My Fair Lady (George Cukor, 1964)

Audrey Hepburn

My Fair Lady has one of the greatest scores of any musical, by Lerner and Loewe, with many songs which have become standards, such as With a Little Bit of Luck, Wouldn’t It Be Loverly and On the Street Where You Live. It is also one of the most gorgeous musicals to look at, making full use of Super Panavision, with its dazzling Cecil Beaton costumes and colourful sets. It wasn’t filmed on location in London, but Covent Garden flower market and the dingy back streets look convincing enough to me, while scenes like the Embassy ball and Ascot have all the visual flamboyance you’d expect from director George Cukor, aided by art director Gene Allen. Yet this celebrated film was allowed to deteriorate into a sorry state and needed full-scale restoration by the mid-1990s. The DVD I have, part of an Audrey Hepburn box set, features the restored print, looking great, plus several special features – and there are also a couple of different two-disc special editions available, as well as a region 1 Blu-ray. But what I’d really like would be to see this on the big screen some day.

This was one of the first musicals that I came to love, as a child of the 1960s. But the version I knew back then was the soundtrack of the Broadway show, starring Julie Andrews as Shaw’s Cockney flower girl Eliza Doolittle, whose life is transformed when eccentric phonetics expert Henry Higgins decides to teach her to speak “like a lady”. My mother had a copy of the LP which someone had brought back for her from America (it wasn’t allowed to be sold in the UK at that time, presumably for copyright reasons), and we listened to it endlessly. So when I hear anyone else singing those songs, I still always have Julie’s voice in the back of my head somewhere.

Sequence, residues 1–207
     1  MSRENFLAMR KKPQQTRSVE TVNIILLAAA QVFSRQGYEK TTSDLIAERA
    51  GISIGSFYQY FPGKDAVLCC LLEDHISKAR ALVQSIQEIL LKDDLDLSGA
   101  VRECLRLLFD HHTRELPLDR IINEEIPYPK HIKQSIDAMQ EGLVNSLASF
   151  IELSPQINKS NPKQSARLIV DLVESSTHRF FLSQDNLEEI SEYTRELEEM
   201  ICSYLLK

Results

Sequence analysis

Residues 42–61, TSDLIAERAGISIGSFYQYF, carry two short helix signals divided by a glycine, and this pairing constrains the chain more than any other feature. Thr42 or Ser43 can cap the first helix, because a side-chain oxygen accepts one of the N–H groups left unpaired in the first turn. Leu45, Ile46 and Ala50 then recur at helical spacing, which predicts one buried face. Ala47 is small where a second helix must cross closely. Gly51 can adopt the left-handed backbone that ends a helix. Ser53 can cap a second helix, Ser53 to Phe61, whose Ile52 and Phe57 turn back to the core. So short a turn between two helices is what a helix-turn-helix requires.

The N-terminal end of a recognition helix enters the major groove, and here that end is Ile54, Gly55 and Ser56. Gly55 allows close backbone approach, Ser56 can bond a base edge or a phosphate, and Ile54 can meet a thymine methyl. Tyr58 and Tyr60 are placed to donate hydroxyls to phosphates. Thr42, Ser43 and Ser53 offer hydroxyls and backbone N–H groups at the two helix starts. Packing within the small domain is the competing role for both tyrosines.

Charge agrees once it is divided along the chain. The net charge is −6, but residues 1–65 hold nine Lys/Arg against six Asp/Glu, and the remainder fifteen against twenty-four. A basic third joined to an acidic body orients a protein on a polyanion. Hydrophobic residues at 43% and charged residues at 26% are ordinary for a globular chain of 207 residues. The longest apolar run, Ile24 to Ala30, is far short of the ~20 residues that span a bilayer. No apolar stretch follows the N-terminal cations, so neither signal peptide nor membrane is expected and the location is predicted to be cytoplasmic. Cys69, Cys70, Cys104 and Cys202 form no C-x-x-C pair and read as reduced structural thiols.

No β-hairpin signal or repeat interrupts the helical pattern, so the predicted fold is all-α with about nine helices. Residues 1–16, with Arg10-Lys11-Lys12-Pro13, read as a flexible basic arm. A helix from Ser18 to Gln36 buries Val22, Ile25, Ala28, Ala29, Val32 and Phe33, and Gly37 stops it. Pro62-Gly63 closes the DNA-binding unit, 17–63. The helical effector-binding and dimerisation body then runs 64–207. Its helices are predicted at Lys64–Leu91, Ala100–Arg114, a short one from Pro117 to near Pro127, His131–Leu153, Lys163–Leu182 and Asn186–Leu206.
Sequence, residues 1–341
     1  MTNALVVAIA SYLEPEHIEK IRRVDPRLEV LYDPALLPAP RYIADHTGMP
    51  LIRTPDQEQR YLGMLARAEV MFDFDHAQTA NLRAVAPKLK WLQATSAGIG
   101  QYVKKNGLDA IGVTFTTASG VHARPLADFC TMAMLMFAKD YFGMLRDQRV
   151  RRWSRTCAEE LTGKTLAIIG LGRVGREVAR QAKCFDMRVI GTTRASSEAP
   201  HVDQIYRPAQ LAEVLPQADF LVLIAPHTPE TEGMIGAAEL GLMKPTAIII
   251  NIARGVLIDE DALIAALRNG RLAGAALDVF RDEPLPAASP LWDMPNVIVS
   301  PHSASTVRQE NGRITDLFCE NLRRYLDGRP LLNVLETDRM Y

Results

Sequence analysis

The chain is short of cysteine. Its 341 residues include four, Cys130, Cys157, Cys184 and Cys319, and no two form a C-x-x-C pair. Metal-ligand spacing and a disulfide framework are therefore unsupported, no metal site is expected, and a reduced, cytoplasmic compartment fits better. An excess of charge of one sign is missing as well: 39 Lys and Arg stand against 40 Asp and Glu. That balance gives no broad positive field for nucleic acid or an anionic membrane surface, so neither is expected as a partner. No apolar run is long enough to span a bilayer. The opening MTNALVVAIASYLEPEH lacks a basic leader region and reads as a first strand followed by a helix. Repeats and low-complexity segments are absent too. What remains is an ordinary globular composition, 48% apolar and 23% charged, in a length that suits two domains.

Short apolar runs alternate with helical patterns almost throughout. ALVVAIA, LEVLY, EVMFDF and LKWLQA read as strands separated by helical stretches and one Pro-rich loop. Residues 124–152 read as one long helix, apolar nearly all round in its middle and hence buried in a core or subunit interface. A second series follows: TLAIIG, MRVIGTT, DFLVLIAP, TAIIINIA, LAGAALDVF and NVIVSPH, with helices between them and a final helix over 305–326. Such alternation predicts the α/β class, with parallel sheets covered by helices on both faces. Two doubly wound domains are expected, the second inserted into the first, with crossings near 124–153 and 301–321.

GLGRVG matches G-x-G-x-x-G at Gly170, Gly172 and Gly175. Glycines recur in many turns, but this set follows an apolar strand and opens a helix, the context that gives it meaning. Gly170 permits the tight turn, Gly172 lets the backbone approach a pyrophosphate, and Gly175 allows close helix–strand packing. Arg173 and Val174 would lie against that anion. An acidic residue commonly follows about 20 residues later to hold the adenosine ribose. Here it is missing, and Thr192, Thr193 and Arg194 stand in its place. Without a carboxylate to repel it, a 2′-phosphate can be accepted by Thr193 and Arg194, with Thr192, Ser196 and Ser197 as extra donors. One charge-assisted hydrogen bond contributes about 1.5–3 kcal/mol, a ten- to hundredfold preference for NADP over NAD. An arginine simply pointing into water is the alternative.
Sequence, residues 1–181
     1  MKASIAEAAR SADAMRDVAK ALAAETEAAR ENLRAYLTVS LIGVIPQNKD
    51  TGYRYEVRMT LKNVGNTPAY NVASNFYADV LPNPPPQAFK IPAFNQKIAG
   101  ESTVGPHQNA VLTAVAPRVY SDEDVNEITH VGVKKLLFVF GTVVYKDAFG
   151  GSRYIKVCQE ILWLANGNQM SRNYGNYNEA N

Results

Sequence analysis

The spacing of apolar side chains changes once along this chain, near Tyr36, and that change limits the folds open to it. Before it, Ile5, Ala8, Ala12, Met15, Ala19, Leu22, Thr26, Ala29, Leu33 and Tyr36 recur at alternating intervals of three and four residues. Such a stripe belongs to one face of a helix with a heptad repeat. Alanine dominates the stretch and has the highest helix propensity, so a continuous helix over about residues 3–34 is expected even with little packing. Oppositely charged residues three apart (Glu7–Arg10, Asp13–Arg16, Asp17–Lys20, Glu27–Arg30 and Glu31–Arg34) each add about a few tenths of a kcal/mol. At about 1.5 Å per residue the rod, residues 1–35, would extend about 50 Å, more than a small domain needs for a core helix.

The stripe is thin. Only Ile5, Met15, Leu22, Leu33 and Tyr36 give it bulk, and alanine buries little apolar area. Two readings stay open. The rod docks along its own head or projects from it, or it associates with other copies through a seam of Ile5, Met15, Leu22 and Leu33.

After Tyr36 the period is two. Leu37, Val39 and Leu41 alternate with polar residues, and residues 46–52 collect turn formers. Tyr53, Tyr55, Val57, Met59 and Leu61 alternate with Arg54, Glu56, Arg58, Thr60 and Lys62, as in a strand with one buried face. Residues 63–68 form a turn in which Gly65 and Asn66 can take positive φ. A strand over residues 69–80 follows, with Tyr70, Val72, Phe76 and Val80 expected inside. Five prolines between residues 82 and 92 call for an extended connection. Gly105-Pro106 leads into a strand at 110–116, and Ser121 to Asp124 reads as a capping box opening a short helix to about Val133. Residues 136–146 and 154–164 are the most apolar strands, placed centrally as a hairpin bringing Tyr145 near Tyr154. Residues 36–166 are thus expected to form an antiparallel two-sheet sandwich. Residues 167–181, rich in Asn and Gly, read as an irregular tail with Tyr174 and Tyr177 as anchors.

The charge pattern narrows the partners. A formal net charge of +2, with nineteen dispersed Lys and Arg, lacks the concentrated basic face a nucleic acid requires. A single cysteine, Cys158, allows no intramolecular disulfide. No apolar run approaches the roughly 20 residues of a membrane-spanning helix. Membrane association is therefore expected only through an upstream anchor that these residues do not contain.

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Brief Encounter (1945)

Although I’d never seen Brief Encounter in full, I thought I knew what it would be like. I’d seen various short clips, and gained an impression of the impossibly posh, clipped voices, the emotional repression and the strained nobility of behaviour. I’d also seen the scene in Alan Bennett’s The History Boys   which gently mocks the poignant final moments.

Celia Johnson and Trevor Howard
Celia Johnson and Trevor Howard

However, none of this gets anywhere near the experience of watching the film as a whole. This year I went on a visit to Carnforth in Lancashire, where the famous railway scenes were filmed. I  saw the opening scenes of the film on a large screen in the waiting room at the museum there, where it  seems to be shown on a loop – and, getting hooked on the story within minutes, quickly realised it was very different from the impression of it I’d acquired.  I now have the DVD (the region 2 version which sadly doesn’t have a commentary, though it does have a featurette going behind the scenes), have watched it in full a couple of times, and am full of admiration.

David Lean’s direction and Noel Coward’s script, adapted from his play Still Life, are both great, and the dark, austere scenes, always full of the wartime atmosphere though the war is never mentioned, linger in the memory long after watching.

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